Lot 6
  • 6

Naval Logs--Battle of Trafalgar.

15,000 - 20,000 GBP
bidding is closed


  • "A Journal of the Proceedings of HM Ship Atalante [and HMS Temeraire] ... Commencing July 28th 1802 and Ending [January 9th 1806] Kept by James Eaton Mid."

  • ink on paper
including a first-hand account of Trafalgar from the signal midshipman on the "fighting Temeraire": the first man to receive the most famous signal in naval history, 5 volumes, the first two on board the brig sloop Atalante under Commander J.O. Masefield, 28 July 1802-10 March 1804, the final three on board the second-rate ship of the line HMS Temeraire under Captain Eliab Harvey, 10 March 1804 to 9 January 1806, with the usual daily entries of a ship's log (winds, course, position, bearing) on versos and daily "Remarks" on the opposite recto sometimes expanded well beyond the usual comments, most notably in its account of Trafalgar, 64, 52, 72, 66, and 45 pages, plus title pages and blanks, folio, limp marbled paper wrappers, the final volume lacking title page

Catalogue Note

"...at Daylight saw the Enemies Fleet in the SE Quarter Consisting of 33 sail of the Line 4 Frigates and two sloops Cleared ship for Action and made all sail standing for the Enemies Fleet at 1/2 past 11 the Victory made 1st Telegraph Signal England Expects Every Man will do his Duty..."

James Eaton (1783-1857) entered naval service in 1799 on the Quebec. From 1802 to 1804 he served as a midshipman on the Atalante, which was involved in combatting smuggling, before transferring to HMS Temeraire, part of Nelson's Mediterranean fleet and the ship later immortalised by Turner. At Trafalgar the Temeraire sailed just astern of the Victory at the van of the weather column. She was therefore the first to receive Nelson's rousing signal and it was Eaton's duty, as signal midshipman, to receive and relay Nelson's patriotic call as the British sailed towards more than thirty enemy battleships, at the opening of what Eaton must have known would be a battle of decisive historic importance.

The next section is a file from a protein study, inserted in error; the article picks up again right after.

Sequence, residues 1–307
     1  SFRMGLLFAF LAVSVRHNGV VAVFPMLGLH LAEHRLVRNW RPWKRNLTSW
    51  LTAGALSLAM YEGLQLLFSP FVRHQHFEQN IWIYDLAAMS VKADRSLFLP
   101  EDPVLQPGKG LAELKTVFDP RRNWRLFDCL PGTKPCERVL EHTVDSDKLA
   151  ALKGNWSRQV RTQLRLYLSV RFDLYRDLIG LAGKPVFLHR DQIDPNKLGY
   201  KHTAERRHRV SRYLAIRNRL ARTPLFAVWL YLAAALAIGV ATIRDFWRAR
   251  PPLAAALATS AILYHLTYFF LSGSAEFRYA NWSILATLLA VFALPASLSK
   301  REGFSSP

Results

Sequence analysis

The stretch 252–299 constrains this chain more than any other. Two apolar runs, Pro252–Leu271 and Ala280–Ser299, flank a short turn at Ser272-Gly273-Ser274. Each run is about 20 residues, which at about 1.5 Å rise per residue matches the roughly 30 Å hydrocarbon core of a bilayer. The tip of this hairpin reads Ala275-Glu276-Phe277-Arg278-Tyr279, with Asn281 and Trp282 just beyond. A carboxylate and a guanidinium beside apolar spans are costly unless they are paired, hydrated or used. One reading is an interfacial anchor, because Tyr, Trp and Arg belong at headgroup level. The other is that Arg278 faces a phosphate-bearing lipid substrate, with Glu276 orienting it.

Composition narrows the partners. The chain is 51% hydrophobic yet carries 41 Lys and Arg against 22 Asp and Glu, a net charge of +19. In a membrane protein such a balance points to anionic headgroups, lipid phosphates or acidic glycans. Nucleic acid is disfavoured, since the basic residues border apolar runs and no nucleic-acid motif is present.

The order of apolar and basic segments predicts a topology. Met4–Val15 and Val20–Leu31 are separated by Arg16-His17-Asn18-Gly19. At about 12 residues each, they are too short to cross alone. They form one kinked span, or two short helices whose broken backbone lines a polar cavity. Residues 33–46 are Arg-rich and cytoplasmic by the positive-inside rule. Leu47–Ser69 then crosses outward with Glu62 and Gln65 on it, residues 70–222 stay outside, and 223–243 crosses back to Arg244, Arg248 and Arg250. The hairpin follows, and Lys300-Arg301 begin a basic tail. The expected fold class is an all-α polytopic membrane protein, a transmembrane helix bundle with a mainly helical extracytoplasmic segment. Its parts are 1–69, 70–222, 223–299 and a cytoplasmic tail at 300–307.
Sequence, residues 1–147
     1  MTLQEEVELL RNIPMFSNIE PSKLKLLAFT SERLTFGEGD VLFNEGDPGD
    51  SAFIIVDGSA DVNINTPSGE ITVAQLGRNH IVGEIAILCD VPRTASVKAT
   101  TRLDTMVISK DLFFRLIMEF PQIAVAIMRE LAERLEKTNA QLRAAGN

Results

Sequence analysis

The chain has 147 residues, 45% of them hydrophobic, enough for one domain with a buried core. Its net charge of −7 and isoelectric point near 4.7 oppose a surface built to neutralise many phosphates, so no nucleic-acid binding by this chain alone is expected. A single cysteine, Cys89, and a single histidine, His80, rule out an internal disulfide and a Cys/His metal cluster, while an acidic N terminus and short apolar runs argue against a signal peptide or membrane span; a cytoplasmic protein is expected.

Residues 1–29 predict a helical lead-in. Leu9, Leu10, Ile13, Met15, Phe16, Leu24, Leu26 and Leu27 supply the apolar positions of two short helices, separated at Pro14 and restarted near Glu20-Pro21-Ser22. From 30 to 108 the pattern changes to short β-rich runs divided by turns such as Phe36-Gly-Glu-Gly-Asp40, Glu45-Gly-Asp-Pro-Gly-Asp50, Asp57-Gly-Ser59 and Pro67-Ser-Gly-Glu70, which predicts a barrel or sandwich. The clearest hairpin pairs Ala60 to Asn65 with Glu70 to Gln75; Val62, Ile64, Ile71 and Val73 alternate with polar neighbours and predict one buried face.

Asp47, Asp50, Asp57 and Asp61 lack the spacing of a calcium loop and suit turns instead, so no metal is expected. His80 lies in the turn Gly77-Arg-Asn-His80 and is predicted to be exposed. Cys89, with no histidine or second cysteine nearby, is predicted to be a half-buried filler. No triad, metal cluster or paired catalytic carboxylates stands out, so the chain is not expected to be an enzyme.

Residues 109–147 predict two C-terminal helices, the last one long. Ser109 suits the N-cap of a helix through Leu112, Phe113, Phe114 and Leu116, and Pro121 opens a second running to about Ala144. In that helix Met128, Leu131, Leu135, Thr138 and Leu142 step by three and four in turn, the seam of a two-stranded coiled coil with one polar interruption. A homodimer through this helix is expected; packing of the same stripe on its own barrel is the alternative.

The ship played a crucial role at Trafalgar. In the words of a recent book on her career, "the Temeraire had followed the Victory as she smashed through the enemy's line, engaged the largest ship in the world, saved Victory from capture and taken two prizes, one of them the best-trained ship in the entire French navy." (Sam Willis, The Fighting Temeraire (2009), p.171). Eaton gives a remarkably clear and detailed account of this extraordinary action, in which forty-seven of his fellow crew were killed with another seventy-six wounded, writing in hurried prose in the immediate aftermath of the battle and without yet knowing the names of most of the enemy ships he had fought.

"...the ship on the starboard side engaging the Victory [i.e. the French Redoubtable] fell alongside of us ... the yard arms locked and immediately after struck and was boarded by some of the Officers and Part of the Crew of the Temeraire at the same time being Closely engaged with one of the Enemie on the Starboard side a Spanish three deck ship [Santa Ana]..."